Tempered glass used in car windows breaks into small fragments which have no sharp edges. This glass has a good security rating because it cannot be cut and can be broken only with difficulty creating a noise.
Shatter resistant window film of a new transparent polyester film is now available to make windows stronger and more impenetrable. It is no more than .007 inch thick, yet when applied to the inside of any window, will hold the glass firmly together if broken. This is particularly useful in sidelights and entrance doors with glass panels or windows where there is access to inside doorknobs or catches. This film is quite inexpensive and easy to apply.
Three kinds of plastics – styrene, polycarbonate, and acrylic – are used in door windows. Styrene plastic is available in both interior and exterior grades, it is important to select the correct grade for the purpose intended. Acrylic is a much better choice for windows and doors, due to its combination of properties including weatherability, toughness impact resistance, and expense. It is available in many thicknesses and sheet sizes in products called PLEXIGLAS, LUCITE, and ACRYLIC.
Interlocking Bold Rim Locks
If you wish to lock a door from the inside and do not have to enter with a key (such as a back door), these type of locks should be considered as they offer excellent security.
- The outside cylinder should be equipped with a cylinder guard to resist prying.
- Lengthy screws should be used.
- The inside thumb turn should have a button to lock it and prevent its turning.
While you may think leaving a light on at all times while away is a good idea, it will attract attention to the home during the night because all other homes in the area are in darkness. Light timers, set in various rooms with each set to come on and off at different times, will give your home the appearance of being occupied. Light timers are quite inexpensive and can be purchased at most hardware and department stores.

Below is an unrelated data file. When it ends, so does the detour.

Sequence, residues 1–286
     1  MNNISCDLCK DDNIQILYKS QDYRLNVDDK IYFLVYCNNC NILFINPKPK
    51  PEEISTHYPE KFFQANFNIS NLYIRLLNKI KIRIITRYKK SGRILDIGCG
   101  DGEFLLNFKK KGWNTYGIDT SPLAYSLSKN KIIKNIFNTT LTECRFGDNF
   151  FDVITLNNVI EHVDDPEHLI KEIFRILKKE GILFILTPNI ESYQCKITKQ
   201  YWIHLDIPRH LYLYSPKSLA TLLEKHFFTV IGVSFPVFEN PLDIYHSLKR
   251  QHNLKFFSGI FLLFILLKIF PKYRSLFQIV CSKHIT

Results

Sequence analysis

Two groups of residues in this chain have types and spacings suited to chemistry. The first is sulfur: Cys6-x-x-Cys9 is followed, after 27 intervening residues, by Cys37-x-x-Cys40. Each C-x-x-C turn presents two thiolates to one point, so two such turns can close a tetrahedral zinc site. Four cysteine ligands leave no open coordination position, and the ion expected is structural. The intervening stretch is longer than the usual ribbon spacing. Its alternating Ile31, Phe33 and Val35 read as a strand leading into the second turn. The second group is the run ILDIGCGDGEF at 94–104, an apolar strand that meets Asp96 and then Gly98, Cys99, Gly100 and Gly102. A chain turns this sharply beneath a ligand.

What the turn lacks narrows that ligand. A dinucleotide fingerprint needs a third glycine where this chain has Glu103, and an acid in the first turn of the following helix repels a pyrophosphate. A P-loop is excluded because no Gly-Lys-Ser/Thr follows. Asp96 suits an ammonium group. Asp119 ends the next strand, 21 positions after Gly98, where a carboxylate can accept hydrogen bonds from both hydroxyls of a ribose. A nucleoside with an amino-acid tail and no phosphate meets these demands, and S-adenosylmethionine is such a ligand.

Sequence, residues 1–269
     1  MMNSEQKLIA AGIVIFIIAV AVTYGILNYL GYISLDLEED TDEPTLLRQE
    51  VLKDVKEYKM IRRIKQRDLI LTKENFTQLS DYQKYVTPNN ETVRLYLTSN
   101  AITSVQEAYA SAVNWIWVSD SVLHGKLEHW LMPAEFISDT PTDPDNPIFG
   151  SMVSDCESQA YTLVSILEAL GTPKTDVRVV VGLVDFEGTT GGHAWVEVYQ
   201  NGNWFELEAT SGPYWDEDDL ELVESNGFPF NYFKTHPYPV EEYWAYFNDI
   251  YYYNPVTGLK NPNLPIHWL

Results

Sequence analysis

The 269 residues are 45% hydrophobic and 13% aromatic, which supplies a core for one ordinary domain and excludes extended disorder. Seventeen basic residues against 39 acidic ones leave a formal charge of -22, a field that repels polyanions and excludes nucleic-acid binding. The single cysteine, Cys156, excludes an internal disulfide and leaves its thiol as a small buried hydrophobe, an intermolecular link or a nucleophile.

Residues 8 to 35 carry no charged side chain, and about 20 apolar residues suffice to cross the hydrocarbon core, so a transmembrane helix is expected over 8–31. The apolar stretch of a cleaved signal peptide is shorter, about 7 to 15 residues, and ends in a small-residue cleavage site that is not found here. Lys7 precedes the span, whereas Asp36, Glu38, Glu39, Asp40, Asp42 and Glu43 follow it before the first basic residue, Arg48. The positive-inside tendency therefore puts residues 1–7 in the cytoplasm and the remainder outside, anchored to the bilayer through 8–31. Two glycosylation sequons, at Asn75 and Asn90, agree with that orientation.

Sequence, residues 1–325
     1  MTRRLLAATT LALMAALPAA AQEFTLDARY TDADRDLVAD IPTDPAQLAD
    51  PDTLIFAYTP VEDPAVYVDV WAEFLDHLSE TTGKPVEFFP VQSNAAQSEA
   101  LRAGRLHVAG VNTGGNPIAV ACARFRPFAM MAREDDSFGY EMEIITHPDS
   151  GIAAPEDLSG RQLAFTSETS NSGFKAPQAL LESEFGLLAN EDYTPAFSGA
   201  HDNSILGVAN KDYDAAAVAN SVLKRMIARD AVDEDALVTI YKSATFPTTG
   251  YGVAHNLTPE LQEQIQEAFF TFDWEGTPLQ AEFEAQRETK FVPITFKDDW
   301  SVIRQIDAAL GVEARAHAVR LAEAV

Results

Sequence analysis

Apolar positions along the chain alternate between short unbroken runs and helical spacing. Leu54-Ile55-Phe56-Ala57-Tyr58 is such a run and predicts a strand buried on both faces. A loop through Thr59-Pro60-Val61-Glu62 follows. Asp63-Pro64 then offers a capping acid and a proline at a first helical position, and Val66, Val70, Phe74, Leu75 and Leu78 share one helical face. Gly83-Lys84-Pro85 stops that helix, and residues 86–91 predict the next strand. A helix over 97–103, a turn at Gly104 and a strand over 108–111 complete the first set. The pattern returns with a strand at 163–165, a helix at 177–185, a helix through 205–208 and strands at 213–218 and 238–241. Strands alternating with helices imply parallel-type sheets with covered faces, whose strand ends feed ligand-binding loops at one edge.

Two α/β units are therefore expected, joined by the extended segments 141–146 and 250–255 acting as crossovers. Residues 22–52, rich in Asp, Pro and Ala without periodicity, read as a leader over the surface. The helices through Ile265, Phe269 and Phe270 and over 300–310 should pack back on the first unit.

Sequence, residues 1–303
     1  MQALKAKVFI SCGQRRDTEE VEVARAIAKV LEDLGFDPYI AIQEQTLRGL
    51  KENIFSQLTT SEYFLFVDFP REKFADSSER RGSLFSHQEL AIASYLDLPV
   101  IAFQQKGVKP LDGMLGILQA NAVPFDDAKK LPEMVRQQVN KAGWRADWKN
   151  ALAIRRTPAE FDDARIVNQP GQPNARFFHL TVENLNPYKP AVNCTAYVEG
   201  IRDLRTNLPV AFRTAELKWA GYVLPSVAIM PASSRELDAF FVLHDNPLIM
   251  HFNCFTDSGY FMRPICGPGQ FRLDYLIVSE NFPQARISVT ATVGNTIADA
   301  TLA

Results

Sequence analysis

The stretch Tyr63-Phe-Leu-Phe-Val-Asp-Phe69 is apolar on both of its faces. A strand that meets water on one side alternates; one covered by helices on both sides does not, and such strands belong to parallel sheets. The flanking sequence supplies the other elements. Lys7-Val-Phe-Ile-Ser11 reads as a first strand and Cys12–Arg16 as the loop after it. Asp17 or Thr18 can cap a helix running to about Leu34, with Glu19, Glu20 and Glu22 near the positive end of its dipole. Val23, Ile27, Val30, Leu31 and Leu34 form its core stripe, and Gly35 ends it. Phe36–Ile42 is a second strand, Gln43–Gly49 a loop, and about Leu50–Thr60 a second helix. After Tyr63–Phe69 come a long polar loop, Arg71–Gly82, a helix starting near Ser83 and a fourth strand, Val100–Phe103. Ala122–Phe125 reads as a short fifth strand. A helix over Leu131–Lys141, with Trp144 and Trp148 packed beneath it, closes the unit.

Door chains let you speak to a visitor without completely unfastening the door, but most door chains can be forced by even a slightly built intruder. Even those with locks are easily overcome with simple tools or brute force. For this reason, many police departments do not recommend their use. You should not rely on a door chain for security. A floor-mounted, retractable door stop is more effective.
In order to avoid opening your door without knowing who is there, a viewing device is recommended.
The best solution is to install a through-door viewer – a miniature telescope with a wide angle lens to let you see someone standing to one side of the door. These are relatively inexpensive and will adjust to varying door thicknesses.
A rubber wedge is available commercially and when the two steel pins are inserted into the floor plate, the door may be opened only a few inches. They let you see and talk to the person, but ensure that the door cannot be opened to let the person in. The pins prevent the wedge from slipping if force is applied to the door from the outside. This item is quite inexpensive and particularly useful where children or women are alone. When not in use, it stores in a convenient holder.
Bolts are a device with a bar which slides into a socket for its locking action. Mortised or surface mounted bolts have many uses, such as bracing a French door top and bottom, securing the top to the bottom half of a Dutch door and securing sliding doors and windows.
- If you use a bolt for security, make sure it is a sturdy one mounted with long screws.
- The best solution, particularly on windows and doors that have untreated glass in or near them or have thin wood panels, is a keyed slide bolt mounted with one-way screws.